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Huckabee has a tax-raising solution

As I See It

April 15th is almost upon us, and most folks — depending on their financial condition — have plenty of taxing questions on their minds: How much will I owe the IRS? How much will my refund be? Where’s that receipt? Is this deductible?

And on it goes. Plenty of questions, not as many answers. Perhaps the most important question is: Does the government really need all of this money?

The government would say, “Yes, don’t you like all of those services we provide?” Taxpayers, of course, often have a different take.

The issue has been debated in Mississippi in recent weeks as our legislators struggle with state coffers not as full of tax dollars as they’d planned. The idea of raising taxes has been brought up as a possible solution to Mississippi’s latest fiscal crisis, but is that what most of us want?

Our neighbor to the west, Gov. Mike Huckabee of Arkansas, has a novel idea for raising more taxes. He’s inviting taxpayers who want to pay more to do so. He has set up the Tax Me More Fund to give voters who think they are not taxed enough the chance to send more money to the state.

The procedure is simple: the governor distributes pre-addressed envelopes for the Tax Me More Fund. You write a check, if you think that the State of Arkansas isn’t collecting enough money from you, and mail it in. Thus far, the state has received $260.

Though liberals and some in the media wish that Huckabee would go away, he is currently enjoying a 70% approval rating and is considered a shoo-in for a second term. Out on the campaign trail, the governor is cheered whenever the subject of raising taxes comes up. He pulls out a handful of the envelopes and asks who in the audience would like to send in more tax money.

Needless to say, the governor’s political opponents have attacked him and his Tax Me More Fund. Some have called him a clown and others criticized him for lack of a serious solution in dealing with Arkansas’ budget problems. But the voters seem to disagree with his detractors.

On the subject of taxes, the governor had this to say, “My feeling is everyone in Arkansas is having to adjust to the downturn in the economy and every business is doing the same. Asking Arkansas to cough up more money during a recession is like asking a bleeding hemophiliac to donate a pint of blood to the Red Cross.”

Like most states, Arkansas has seen its tax revenues fall during the current economic slump. The state is facing a $140-million deficit this year, equal to about 4% of the state’s budget.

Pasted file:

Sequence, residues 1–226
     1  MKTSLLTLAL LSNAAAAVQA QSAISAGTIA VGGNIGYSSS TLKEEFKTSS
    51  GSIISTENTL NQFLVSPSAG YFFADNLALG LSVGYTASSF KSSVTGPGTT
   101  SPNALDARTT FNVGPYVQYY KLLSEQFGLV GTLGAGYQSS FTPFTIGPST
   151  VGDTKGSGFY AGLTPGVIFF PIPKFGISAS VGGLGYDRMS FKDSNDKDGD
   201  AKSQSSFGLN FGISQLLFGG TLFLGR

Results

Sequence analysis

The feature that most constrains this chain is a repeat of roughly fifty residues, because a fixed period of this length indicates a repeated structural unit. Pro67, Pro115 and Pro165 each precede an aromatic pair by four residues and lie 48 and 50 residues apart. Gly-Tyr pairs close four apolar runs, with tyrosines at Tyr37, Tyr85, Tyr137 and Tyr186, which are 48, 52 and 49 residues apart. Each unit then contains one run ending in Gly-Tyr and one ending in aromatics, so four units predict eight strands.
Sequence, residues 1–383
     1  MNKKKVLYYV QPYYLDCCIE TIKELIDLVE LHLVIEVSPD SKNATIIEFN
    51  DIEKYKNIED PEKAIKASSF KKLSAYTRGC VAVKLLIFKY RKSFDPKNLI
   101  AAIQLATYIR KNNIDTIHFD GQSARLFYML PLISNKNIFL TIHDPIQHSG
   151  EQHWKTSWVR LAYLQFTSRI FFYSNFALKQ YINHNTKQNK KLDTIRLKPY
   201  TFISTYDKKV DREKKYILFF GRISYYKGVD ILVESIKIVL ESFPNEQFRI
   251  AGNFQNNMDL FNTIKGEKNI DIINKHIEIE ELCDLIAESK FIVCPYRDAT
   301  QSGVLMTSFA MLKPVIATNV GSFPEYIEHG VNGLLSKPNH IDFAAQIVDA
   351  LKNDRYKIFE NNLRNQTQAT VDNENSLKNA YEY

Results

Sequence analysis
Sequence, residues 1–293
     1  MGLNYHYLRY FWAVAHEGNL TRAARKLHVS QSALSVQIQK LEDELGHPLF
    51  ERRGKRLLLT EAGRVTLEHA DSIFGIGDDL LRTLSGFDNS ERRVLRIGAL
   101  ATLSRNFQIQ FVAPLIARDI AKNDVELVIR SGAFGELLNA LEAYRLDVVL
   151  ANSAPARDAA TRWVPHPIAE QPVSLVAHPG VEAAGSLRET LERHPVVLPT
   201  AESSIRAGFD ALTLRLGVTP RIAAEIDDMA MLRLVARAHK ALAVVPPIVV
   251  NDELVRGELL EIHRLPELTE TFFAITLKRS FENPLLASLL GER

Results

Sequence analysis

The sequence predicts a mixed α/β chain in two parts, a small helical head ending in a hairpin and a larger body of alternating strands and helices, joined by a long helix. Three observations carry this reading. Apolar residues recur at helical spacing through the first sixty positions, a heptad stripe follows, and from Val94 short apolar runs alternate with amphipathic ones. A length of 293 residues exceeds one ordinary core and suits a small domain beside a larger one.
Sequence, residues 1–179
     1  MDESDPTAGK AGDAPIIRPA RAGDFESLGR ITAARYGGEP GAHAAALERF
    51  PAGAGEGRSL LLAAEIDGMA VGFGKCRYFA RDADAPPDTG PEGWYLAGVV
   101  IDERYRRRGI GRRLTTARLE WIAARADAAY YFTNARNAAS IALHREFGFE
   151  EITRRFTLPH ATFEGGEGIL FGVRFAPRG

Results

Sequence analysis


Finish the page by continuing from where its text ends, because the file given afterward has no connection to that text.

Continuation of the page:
Is there a lesson here for other politicians? If people want their taxes raised, why is the governor having such poor results with his fund? If people don’t want their taxes raised, why do politicians always stand ready to do it?

According to Huckabee, “What it (the fund) does is expose the hypocrisy of the liberals because they want to raise taxes as long as someone else has to pay for them. Our state law does not prohibit someone from paying more. So if they believe it would make them feel better to contribute more, then I want them to write as generous a check as they can to make themselves feel good.”

A word to the wise may be useful.

Gov. Huckabee’s political success with his tax fund has not gone unnoticed among campaign strategists elsewhere. Some are already thinking that his program could be successfully duplicated in other states.

Stephen Moore, president of the Club for Growth, a group which supports candidates who favor tax cuts, says, “I think he has come up with a kind of clever ploy that has the liberals sputtering. There is going to be increasing muttering about raising taxes in next year’s campaigns, and this type of approach by Huckabee might be a good way to stop the liberals in their tracks.”

So, is the answer more taxes or less government?

It seems that the taxpayers in Arkansas are in agreement that the solution is for government to tighten its belt during tough times just like taxpayers do. Do Mississippi taxpayers feel the same? I’ll bet a nickel they do and any politician who is brazen enough to mention the “t” word is going to find out.

Aside

More things you can do with a newspaper, courtesy of the Mississippi Press Association:

1. Start a fire with it

2. Make a collage

3. Make a fan

4. Spank your dog

5. Make confetti

6. Insulate water pipes in winter

7. Swat flies

8. Make patterns for sewing

9. Feed a goat

10. Make yourself look important by carrying it.

Joe D. Jones, CPA, is publisher of the Mississippi Business Journal. Contact him at cpajones@msbusiness.com.

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